It might seem like there’s something wrong here. All mass action – voting, yes, but also protests, boycotts, and even initiatives to keep litter off our streets – requires individuals to contribute incrementally to a cumulative result. For each individual participant in these mass actions, if that participant were not there, the cumulative result would be the same. Does this mean that if all people acted rationally, there would never be any mass actions?
There’s an important difference between voting and the other cumulative actions: the threshold. Voting is all or nothing. The result is exactly the same whether you vote or don’t vote, so long as the election doesn’t come down to one vote. In a protest, on the other hand, your presence makes a difference, however small. The protest, because it is not all or nothing, is sensitive to each small addition. If one person that is there weren’t there, the protest would be one person smaller, and that would make some tiny difference to the size of the demonstration. The protester can also magnify his/her impact by the way he/she protests (e.g. by punching a Nazi on camera). In the case of voting, if one voter didn’t vote, the same election outcome would result.
Of course, there’s some difference between a candidate who wins by 1% and a candidate who wins by 17%: the latter enters office with a so-called mandate. However, a threshold remains in the way election results are reported. Rarely will the difference between 17% and 16% – or even 17.41% and 17.42% – come down to one vote. And these are the numbers people typically see and remember. This stands in contrast with a protest, in which every single person makes the protest just a little bit bigger.
This question is ultimately one of scale. In small, local regions, one person might not be that unlikely to make the difference of one percent in the election report, and thus might have a chance to make a tiny difference in the mandate; and, in very large protests, one person might make such a small difference that she might be altogether negligible to the practical impact of the protest.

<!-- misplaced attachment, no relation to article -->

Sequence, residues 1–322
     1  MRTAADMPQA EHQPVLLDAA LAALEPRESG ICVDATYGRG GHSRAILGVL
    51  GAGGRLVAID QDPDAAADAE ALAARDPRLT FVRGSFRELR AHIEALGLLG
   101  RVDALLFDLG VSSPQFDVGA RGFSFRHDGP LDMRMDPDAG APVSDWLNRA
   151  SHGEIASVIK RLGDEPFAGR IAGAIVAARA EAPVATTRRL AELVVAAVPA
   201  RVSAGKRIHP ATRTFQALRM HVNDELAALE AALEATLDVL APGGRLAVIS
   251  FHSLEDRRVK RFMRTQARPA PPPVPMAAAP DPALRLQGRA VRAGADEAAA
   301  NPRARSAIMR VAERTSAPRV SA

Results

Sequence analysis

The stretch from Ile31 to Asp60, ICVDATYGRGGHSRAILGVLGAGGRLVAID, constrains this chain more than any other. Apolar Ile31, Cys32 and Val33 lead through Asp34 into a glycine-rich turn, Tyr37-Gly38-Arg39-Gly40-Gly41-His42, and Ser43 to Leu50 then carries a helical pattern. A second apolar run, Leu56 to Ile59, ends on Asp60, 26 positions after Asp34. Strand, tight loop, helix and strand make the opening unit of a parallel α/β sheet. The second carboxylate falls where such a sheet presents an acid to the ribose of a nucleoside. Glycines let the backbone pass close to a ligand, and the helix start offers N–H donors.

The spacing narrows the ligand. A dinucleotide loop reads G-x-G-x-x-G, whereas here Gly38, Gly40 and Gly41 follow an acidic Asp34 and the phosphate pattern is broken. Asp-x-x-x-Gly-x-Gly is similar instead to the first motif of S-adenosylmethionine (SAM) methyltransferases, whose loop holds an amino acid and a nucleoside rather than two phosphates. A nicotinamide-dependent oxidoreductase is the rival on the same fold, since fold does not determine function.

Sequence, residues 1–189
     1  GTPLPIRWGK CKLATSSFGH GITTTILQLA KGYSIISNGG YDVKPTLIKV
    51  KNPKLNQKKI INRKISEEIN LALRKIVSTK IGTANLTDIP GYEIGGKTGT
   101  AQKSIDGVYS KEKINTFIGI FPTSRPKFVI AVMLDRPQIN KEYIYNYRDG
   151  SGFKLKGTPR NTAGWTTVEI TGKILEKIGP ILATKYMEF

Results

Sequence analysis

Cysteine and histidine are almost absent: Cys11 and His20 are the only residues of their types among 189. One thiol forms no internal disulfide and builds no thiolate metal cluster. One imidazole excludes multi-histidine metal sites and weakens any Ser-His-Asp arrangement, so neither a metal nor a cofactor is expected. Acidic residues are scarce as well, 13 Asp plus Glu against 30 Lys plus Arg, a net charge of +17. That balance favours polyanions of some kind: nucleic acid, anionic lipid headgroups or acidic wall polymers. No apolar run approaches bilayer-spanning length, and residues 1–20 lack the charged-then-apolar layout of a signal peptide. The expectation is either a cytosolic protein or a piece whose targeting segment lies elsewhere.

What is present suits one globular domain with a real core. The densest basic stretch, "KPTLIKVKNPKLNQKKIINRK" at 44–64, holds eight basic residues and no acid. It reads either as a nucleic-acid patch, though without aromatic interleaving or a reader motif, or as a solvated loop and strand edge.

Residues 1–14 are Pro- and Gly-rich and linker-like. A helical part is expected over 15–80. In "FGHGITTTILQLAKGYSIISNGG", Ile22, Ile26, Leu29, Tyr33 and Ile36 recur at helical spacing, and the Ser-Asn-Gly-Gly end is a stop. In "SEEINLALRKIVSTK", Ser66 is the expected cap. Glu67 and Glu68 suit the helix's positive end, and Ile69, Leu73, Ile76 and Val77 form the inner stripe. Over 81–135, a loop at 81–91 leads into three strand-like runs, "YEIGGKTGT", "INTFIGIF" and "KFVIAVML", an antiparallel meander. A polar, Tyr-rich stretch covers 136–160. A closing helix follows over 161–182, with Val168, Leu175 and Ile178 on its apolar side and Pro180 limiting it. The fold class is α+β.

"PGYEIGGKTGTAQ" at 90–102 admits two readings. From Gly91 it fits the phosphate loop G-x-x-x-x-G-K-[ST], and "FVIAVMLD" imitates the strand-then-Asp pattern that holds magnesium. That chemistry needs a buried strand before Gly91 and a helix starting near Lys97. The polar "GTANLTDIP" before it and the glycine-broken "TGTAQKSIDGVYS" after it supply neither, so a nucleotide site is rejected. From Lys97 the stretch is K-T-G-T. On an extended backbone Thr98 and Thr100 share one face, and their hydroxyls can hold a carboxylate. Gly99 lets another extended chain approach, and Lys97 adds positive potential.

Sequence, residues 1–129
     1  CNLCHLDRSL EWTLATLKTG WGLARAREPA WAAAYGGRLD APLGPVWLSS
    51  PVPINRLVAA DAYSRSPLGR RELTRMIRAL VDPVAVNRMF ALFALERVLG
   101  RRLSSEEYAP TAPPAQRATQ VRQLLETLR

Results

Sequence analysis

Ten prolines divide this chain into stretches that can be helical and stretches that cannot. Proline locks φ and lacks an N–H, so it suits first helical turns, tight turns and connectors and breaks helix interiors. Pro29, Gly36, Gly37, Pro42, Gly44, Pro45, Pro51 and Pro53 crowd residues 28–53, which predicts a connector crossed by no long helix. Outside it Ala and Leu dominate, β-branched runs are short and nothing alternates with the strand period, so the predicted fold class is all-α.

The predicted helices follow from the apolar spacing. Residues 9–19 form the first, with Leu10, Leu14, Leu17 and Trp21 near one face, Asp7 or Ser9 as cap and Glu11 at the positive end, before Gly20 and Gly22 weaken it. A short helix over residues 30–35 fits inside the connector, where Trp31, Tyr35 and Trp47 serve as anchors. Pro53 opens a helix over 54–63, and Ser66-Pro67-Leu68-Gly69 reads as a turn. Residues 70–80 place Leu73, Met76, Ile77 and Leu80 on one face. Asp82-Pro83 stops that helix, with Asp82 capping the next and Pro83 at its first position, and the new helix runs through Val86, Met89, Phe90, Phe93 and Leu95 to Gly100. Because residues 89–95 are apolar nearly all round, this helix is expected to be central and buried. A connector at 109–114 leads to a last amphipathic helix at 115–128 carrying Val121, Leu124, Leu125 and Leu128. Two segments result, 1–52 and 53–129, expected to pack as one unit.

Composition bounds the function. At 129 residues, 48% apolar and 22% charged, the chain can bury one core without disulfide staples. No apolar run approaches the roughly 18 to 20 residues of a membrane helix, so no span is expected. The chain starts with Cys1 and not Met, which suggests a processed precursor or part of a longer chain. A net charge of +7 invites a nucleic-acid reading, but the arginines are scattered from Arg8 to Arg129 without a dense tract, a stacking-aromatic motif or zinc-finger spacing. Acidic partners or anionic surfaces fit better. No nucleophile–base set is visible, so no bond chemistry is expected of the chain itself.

The all-or-nothing nature of voting makes it – in cases of comparable scale – significantly more irrational than other cumulative actions. This is supported by the fact that other types of cumulative action allow for ways to magnify individual impact. However, generally speaking, the larger any mass action is, the less likely each individual’s participation is to make any difference at all. Participating in a tremendously large protest is, for the most part, also doing something that in fact does nothing at all.
So why does this matter? Why don’t I let people waste a Tuesday afternoon in peace?
Unlike voting itself, the mistaken belief that “every vote counts” has serious repercussions. It makes people unwittingly powerless. It encourages them to focus their energies and priorities on an act that literally does nothing at all; they then leave satisfied, feeling that they’ve done their part and put in their contribution. It is counter-productive for activists to convince people that by doing something that actually does nothing, they’ve done something. The status-quo counts on this self-delusion to pacify us.
The problem isn’t with voting itself. Again, voting doesn’t do anything, including anything bad. By all means, go for it, I’m sure it feels satisfying for some people. The problem comes down to what we don’t do because we feel that by voting we’ve done our part. I know someone who spent hours of bureaucratic hell to vote in Florida instead of New York, because he felt he owed it to his community to make his vote count. He otherwise does little to nothing to take personal responsibility for the wellbeing of this same community. What might this person do if he realized that his vote is insignificant?
The perceived importance of voting encourages this complacency. Indeed, one of the institutional functions of voting is to cultivate this kind of passivity on a mass scale.
This is our society, and it is ours to govern. There are a million and a half ways of impacting change – ways in which each individual contribution is integral and unique. The notion that governing our lives is as impersonal and mechanical as pulling a lever locked between two choices is a delusion. This delusion deters us from discovering how each individual can creatively and uniquely generate society.